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There is only one goal. That is to be whole again.

There is only one goal. That is to be whole again. How human beings live and work determines whether they remain whole or are split. ...

8/5/15

Shukracharya in the 8th century CE argued for an economy based on morality. In fact morality is indispensable when it comes to the economy. For the economy is how people live and work, how they connect with each other (for no man or woman is able to create all that he or she needs by himself or herself), and how they grow.

Not how what they produce grows but how they grow. Whether they grow into fearful and greedy souls or whether they come to the realization that all life is one. The former has been the path taken by the modern economy, which is to say most of the world, while the latter is the clear path that Gandhiji lighted up for us with his wisdom and love.

These are simple matters but we have to care to listen.

Why do we accept greed and competition as the basis of economy? Is it not a wonder that we do so? Stop for a bit and think about it. Do we have any tradition anywhere in the world of sustained wisdom, something that has had lasting value and was passed on through many stages of the society that taught greed as a principle to be adopted in living and working?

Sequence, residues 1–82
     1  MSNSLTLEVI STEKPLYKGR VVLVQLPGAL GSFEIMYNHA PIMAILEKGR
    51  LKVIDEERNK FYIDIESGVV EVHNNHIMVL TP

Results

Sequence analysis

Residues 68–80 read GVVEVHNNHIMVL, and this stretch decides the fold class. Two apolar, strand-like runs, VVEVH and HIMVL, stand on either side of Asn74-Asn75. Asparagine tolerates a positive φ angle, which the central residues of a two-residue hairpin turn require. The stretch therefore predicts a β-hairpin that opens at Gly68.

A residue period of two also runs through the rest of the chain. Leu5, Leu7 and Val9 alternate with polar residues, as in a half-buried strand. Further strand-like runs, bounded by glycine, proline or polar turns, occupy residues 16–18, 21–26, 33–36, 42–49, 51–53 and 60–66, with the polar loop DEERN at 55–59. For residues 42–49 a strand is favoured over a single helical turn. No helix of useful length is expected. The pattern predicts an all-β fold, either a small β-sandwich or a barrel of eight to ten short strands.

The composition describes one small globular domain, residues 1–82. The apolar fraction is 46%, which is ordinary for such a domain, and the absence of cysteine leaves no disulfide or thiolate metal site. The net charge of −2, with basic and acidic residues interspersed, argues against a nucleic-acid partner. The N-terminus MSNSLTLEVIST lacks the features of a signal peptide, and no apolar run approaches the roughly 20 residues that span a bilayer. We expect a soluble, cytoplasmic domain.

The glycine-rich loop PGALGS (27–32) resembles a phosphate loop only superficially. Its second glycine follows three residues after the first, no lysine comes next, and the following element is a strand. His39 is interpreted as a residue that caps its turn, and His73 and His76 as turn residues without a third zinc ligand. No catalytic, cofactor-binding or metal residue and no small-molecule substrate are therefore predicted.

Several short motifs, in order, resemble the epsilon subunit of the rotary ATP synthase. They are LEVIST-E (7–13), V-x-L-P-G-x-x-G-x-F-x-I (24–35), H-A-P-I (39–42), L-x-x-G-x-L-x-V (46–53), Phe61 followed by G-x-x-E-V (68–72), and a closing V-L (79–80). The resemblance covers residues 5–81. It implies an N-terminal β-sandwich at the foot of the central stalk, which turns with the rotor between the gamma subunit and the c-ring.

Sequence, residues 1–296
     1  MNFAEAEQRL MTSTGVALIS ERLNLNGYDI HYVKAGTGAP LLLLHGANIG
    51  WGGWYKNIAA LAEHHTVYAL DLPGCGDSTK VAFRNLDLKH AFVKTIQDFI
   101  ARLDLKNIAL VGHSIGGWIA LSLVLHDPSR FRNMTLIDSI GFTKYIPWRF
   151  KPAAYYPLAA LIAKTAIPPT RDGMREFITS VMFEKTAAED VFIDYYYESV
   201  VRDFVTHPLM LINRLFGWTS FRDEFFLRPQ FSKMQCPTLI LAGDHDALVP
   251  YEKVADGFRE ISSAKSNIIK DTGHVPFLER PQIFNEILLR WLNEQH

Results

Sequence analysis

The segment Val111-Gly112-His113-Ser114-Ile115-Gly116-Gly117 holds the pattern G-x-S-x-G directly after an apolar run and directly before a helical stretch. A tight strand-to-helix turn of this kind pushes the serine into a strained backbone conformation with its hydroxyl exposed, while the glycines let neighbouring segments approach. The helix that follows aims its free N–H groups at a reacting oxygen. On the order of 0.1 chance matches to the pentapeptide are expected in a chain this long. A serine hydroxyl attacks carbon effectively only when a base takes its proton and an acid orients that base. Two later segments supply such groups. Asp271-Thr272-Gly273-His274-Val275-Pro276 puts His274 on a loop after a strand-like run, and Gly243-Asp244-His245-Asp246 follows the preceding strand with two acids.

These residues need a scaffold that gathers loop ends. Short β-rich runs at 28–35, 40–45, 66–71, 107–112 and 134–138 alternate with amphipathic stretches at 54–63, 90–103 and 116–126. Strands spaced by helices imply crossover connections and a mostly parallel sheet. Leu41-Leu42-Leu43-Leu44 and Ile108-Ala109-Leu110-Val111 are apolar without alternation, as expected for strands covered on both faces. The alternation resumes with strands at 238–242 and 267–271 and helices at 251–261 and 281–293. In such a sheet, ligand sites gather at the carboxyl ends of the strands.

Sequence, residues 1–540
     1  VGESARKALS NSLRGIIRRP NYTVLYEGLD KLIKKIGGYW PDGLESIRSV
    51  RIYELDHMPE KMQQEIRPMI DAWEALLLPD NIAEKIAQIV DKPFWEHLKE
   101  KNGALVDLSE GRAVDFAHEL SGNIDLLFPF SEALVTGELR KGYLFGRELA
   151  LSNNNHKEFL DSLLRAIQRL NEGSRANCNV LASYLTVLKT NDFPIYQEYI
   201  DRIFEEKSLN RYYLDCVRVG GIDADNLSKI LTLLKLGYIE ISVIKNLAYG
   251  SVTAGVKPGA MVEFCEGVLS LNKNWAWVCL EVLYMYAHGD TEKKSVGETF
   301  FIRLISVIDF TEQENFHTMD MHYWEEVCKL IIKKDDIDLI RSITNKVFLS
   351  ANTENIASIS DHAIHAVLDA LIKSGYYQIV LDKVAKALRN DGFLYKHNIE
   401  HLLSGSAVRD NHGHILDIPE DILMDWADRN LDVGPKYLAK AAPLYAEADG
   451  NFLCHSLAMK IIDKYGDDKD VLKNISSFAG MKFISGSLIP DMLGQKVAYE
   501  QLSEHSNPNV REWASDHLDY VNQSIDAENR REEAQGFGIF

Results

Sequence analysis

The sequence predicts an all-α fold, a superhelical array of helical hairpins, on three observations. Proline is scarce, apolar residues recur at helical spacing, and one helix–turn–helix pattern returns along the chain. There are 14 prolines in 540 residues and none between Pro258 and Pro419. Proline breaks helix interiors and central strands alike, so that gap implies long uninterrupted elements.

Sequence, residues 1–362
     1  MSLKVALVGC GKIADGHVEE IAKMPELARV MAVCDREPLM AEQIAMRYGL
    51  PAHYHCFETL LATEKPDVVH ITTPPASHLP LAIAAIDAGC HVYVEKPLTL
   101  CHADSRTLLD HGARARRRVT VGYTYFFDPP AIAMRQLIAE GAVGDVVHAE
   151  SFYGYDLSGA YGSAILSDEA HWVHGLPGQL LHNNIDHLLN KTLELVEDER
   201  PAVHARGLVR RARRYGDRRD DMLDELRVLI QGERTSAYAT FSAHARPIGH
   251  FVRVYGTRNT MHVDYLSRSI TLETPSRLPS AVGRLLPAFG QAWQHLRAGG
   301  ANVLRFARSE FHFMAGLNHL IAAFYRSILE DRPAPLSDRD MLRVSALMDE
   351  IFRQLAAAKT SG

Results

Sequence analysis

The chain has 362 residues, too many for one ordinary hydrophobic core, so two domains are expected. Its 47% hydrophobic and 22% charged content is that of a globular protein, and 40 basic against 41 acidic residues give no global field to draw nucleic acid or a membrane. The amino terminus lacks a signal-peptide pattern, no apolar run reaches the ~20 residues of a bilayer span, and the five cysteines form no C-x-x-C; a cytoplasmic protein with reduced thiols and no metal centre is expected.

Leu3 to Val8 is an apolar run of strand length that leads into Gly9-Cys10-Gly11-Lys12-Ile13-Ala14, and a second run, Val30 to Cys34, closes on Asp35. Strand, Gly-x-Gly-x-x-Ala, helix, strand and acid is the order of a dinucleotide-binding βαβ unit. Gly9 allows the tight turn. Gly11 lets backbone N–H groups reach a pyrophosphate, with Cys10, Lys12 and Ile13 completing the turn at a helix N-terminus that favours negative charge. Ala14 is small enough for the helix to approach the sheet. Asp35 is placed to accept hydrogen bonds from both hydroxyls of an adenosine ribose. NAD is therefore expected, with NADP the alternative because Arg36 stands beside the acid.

No, all sustainable traditions have taught, as did Shukracharya, that morality was inseparable from economy. In modern times this idea found its clearest expression in John Ruskin's Unto This Last, the book that was to profoundly influence Gandhiji's life and make him, in the words of the great humanitarian economist E. F. Schumacher, the 'greatest economist of our age'.

Gandhiji taught us that

means = ends

so that the adoption of violent means would create a violent society, the adoption of greed as a means (as Adam Smith and most economists following him have argued for) will only lead to a very greedy society and the adoption of competition as the means will create a society of cut-throat competitors.

Survival depends on cooperation rather that competition. If we cooperate to create good work and good families we will have a society with people who are fulfilled by their work and loved by their families. The creation of a new economics is well within our reach. All we have to do is let go of fear and greed and accept wholeness as our guiding principle.

We should love our work and work our love. We should love our families and we should love our neighbors. We should work with others instead of against them. That is all that Gandhian economics asks of us. Would you join me in making this happen one person, one workplace, one family, one society at a time?

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